It all comes down to the story. You will also need to learn the art of storytelling if you want to engage your audience. Even something as mundane as a quarterly performance review should include a narrative explaining how and why the numbers exist.

Of course, storytelling is not something that can be learned and mastered in a matter of hours, but we can help you understand a good story and apply the principles to your next public speaking event.

  1. Describe how you intend to resolve the issue.
  2. Describe the characters and the issue.
  3. Put a happy ending there.

3. Utilize pauses and stresses.

There are times when pausing is more effective than speaking. The breaks in your speech allow the audience to process your ideas and provide breaks for you. Sometimes they also assist in increasing or decreasing pressure.

Speakers in public, particularly comedians , frequently employ this strategy .

Try to pause in particular when:

  • After identifying words and concepts.
  • After noting something on a chart , graph or other visual during transitions between speech segments.

Another technique for giving your speech rhythm and improving your audience’s comprehension is word stress. On the other hand, stress can divert your audience if you ignore it or use it inappropriately .

Choose a motivational English speech to practice with, then mark the pauses and stressed words or syllables . Compare the original to a recording of you giving the same speech. I enjoy using stand-up comedy performances for this exercise because I think comedians are masters of pauses and stresses . Here is a YouTube playlist with a selection of well-liked standup specials for you to try out .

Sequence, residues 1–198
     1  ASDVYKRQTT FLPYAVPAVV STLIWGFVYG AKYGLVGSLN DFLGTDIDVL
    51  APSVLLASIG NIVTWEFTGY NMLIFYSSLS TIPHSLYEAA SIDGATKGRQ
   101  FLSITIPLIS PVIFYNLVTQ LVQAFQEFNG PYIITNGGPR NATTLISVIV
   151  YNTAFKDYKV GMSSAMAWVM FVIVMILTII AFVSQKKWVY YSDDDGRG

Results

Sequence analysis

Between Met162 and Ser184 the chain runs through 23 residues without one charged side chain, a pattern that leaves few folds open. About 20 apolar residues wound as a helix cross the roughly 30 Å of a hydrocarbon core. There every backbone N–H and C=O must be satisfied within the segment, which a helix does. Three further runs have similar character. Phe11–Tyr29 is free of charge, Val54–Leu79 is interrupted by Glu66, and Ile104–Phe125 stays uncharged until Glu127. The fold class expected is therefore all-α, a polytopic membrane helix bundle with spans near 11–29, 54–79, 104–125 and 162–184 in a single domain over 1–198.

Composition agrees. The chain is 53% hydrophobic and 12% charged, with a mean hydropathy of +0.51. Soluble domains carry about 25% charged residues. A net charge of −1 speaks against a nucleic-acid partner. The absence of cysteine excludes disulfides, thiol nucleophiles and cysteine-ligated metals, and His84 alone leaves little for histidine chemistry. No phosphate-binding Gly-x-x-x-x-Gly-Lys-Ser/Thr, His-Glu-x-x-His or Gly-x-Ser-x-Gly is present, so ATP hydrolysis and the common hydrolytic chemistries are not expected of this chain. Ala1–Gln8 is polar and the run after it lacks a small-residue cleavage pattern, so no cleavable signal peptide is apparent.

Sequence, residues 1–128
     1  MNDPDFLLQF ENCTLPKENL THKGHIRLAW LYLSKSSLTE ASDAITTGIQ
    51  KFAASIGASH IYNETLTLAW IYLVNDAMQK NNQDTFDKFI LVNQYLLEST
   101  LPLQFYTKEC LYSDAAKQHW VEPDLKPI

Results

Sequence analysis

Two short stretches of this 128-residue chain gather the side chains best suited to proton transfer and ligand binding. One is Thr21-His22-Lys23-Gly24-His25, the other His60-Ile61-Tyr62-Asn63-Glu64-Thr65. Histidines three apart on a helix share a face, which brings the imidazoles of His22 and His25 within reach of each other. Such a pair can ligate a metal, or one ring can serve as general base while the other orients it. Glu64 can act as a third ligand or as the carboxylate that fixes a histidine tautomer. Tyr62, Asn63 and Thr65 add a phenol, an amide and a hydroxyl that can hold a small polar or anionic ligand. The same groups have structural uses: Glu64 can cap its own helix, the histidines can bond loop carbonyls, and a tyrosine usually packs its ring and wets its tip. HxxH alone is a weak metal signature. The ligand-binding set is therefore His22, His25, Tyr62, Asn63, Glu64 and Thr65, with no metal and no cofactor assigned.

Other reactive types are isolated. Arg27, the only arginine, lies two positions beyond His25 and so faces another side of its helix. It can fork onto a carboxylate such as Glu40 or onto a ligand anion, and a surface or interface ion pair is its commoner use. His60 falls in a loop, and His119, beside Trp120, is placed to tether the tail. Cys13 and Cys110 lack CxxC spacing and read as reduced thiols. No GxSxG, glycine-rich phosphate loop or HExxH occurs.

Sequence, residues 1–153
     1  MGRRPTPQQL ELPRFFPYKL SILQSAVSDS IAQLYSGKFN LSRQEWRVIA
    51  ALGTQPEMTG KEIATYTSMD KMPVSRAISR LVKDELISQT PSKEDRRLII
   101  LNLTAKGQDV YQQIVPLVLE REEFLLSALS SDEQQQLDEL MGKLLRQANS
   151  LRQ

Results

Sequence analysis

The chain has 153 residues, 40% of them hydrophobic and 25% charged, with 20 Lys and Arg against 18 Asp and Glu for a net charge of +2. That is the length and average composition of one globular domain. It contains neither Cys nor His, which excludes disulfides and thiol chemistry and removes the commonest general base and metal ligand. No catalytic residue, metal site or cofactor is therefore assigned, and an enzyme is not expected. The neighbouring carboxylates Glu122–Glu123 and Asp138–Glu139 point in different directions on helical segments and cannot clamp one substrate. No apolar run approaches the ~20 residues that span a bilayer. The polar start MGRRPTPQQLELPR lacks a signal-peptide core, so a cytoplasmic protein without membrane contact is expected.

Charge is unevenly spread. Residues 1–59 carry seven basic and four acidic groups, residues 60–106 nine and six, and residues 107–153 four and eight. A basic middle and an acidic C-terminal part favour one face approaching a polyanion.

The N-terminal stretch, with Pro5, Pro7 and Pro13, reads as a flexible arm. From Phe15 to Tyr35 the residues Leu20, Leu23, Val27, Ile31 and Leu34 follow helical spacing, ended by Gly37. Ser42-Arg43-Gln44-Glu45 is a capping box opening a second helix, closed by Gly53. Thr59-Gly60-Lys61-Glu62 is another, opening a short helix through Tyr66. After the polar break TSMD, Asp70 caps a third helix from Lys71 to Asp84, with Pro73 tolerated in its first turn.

4. Understand body language in English

As was already mentioned, you must project confidence when speaking in front of an audience. Your physical posture may reveal more about your self-confidence and political views than your words ever could.However, the laws governing bodily contact vary from culture to culture. You might not be aware of the kinds of body language that will elicit a response from your audience if you did not grow up in an English-speaking environment .

5. practice makes perfect.

Giving speeches in English in public is the best way to hone your public speaking skills in English. You’ll learn what you have the most trouble with, whether it’s maintaining a confident demeanor, creating a gripping narrative, or something else. Additionally, you’ll learn the circumstances in which you might have lost your audience’s interest.

You ought to practice at home as well before performing in front of others. Give presentations as many times as you can at home in front of a mirror or a camera if you plan to do so. Watch your speech after you give it or while you are giving it.

Public speaking in English is a valuable skill to have, but it is not easy to master. However, by learning the techniques in this article, you will gain the tools and confidence you need to speak in front of a group of people in English the next time.